In the Race to Vaccinate Oregon, Micro-Clinics Are Ground Zero

The days of mass vaccination clinics are long gone. These days, health care workers count their clients in single digits, each one a victory—and everyone has a vaccine story.

By Julia Silverman September 16, 2021

After getting his COVID vaccine, Marc Jacobs lines up for his $150 gift card, courtesy of Multnomah County.

On a recent sultry September afternoon at a farmer’s market in the Rockwood neighborhood of Gresham, you could buy a plastic baggie stuffed with late summer lettuce and tomatoes, dance atop the concrete parking lot to a DJ’s ear-splitting tunes and, while you were at it, get vaccinated against COVID-19. 

The earliest days of the pandemic, which brought frantic rushes to secure a vaccine appointment at mass clinics at the Oregon Convention Center or the Portland International Airport—often resulting in hours-long lines—are long gone.

These days, the battle to vaccinate as many people as possible is less sprint, more marathon, where a set-up like the one at the My People’s Market here might result in just 25 people getting their shots over the course of three hours—each one of them a tiny but no less meaningful victory. There are clinics at the local McDonald’s during the lunch rush, in church parking lots on Sundays, and even mobile clinics going door-to-door in zip codes like this one, one of the most diverse and lowest vaccinated pockets in the Portland metropolitan area. 

Rich Moss, a nurse with Medical Teams International, sat waiting for customers under a tent. He’s been administering vaccines almost daily since they first became available—at Walgreens, at the Clark County Fairgrounds mass clinics. When he began, he says, he wasn’t sure how long the assignment would last. Now there’s no real end in sight.

“Be good to yourself, and everyone else,” he says he tells people when he’s trying to talk through getting their shot—not too pushy, just sharing the facts.

Moss understands why some people have waited—he’s dealt with hesitancy even within his own immediate family—even as well-documented compassion fatigue rises among those who’ve been vaccinated for months. People sit down opposite him and tell him their vaccine stories, no two exactly the same.

Take Marc Jacobs, no relation to the designer of the same name, who got the Johnson and Johnson shot from Moss on September 9, after stumbling on the vaccine tent at the market. He knew, he said, that he’d waited “too long” to get the shot, but he’s homeless, and even the smallest details of his daily life are extra-complicated. For him, having the vaccine easily accessible at the market clinic made all the difference.

“There was never a moment, to make time for this, even though this is important,” Jacobs says. He’s heard all the arguments from conservative friends against getting vaccinated, and said he respectfully disagrees. Instead, he did his research, opting for the one-dose Johnson and Johnson shot, in hopes that he might be eventually able to follow it up with a booster shot of Pfizer, which early studies out of Israel and the United Kingdom have suggested create an especially strong immune response.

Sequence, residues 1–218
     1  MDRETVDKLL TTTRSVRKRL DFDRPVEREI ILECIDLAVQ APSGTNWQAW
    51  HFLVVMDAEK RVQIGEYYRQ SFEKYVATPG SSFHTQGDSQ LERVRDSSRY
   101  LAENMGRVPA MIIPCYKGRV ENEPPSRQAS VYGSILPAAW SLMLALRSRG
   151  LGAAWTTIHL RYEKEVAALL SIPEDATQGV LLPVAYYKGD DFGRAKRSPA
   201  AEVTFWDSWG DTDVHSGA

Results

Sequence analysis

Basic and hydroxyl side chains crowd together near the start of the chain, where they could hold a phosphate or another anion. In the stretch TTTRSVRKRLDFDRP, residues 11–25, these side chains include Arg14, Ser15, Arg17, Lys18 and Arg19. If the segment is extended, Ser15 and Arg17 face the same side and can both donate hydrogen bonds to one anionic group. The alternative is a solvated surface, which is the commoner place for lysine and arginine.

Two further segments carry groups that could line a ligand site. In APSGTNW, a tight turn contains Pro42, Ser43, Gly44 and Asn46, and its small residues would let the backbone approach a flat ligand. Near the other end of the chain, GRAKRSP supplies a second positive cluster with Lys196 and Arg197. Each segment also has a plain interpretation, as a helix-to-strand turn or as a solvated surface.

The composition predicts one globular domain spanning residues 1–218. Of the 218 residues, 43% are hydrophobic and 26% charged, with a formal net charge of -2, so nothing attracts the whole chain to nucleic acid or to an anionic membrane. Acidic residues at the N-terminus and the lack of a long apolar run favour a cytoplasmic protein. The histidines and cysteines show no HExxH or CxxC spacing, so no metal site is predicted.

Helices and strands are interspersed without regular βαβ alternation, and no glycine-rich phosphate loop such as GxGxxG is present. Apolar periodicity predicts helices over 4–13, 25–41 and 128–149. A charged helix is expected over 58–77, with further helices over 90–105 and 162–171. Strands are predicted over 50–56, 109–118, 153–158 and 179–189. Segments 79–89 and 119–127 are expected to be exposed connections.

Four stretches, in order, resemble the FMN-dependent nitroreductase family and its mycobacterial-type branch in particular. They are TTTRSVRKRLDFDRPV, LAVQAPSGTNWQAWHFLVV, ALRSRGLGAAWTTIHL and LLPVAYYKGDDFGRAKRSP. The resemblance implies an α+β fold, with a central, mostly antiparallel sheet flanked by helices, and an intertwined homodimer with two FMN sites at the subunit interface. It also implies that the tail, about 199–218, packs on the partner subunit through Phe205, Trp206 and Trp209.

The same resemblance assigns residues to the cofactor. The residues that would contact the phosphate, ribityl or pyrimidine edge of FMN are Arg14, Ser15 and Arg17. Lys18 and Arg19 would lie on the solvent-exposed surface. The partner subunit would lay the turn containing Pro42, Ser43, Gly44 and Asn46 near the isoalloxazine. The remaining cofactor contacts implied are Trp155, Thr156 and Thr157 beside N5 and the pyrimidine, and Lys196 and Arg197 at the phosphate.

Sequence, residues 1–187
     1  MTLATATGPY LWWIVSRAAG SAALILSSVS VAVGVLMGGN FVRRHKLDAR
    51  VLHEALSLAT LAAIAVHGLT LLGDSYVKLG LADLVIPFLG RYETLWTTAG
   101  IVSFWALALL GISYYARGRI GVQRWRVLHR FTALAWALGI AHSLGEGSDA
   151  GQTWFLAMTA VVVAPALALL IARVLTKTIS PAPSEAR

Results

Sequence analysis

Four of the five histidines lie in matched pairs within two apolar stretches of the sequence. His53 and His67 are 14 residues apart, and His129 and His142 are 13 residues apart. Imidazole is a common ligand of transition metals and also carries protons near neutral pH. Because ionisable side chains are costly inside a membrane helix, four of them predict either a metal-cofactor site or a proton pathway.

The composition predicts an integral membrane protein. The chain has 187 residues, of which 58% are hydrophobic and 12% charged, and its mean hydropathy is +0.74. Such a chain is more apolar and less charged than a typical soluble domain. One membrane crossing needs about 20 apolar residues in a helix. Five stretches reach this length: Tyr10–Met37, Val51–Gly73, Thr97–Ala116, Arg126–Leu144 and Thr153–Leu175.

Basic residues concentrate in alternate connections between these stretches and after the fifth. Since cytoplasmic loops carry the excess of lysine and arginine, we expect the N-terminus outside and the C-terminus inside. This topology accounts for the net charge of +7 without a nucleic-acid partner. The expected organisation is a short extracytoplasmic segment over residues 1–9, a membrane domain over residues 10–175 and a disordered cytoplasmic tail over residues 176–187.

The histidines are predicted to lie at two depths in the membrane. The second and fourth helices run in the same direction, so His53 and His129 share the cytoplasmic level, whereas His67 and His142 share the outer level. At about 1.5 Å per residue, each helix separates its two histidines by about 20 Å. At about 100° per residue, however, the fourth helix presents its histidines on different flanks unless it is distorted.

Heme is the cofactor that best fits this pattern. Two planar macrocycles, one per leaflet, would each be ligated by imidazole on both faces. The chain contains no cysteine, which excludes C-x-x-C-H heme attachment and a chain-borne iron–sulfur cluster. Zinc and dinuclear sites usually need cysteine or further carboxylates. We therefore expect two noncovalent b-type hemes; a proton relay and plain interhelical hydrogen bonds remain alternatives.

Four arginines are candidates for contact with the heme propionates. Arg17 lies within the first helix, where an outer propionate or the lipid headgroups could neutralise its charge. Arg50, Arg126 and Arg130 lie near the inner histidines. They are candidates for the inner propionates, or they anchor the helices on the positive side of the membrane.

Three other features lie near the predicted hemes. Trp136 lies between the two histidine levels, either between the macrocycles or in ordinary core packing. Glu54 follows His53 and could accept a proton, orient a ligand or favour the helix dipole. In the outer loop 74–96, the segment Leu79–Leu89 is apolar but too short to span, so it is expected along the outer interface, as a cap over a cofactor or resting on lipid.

Besides the convenience factor, the other carrot for Jacobs and the others who trickled into the clinic at the market was the incentives offered by Multnomah County. Jacobs walked away with a $150 gift card, which he called “a blessing—that’s what pushed me over the threshold.” Sixteen-year-old Jerome Moss, a student at nearby Reynolds High School, got $100 for getting his first dose of the Pfizer vaccine and his sister got $50 just for bringing him in.

Moss said he was convinced it was time to get his shot after he saw his sister and her son get theirs and emerge unscathed, especially now that he's back in school full-time, navigating his way through crowded hallways.

“At first I was, like, scared, I’ll say,” he says. “I never knew anyone who had the vaccine. But she got it, and my nephew, and nothing happened to them. It kept them from getting COVID—no symptoms or anything. Maybe it will keep me like that too. My dad said he's going to get it too, now. He said, if I have it, why would he not?"

Having a personal connection to COVID-19 is a powerful motivator, and one that governments, no matter how well-intentioned, can’t engineer. Princess Churchwell, a single mother of two who lives in the Rockwood neighborhood said that she has a close family member who recently came down with COVID-19, which brought the danger of the disease home. Still, she was worried about scheduling the vaccine, given the chances of side effects and her childcare needs—but now, with her own kids finally back in school full-time, the time felt right. Her eldest is 12, she says, and now that’s she’s vaccinated, she’s thinking seriously about bringing in her daughter.

“I let her know, ‘Mommy’s going to get her shot,’” she says. “We’re talking about it. I think as a mom, you’re trying to protect yourself, so you can take care of someone else. I had to come to this in my own way.”

For others, it’s the fast-spreading Delta variant and news about bursting hospitals in Oregon that finally pushed them to get their shot. Speaking through a Spanish language translator, Hillsboro resident Pedro Jongitud said family members had been pressing him to get his vaccine. The Pfizer vaccine getting full approval from the FDA was the final push he needed, he says, “so I don’t get really sick, or get anyone around me sick.”

The clinic at the Rockwood Thursday market will continue through October. For a full list of Multnomah County micro-clinics, click here.  

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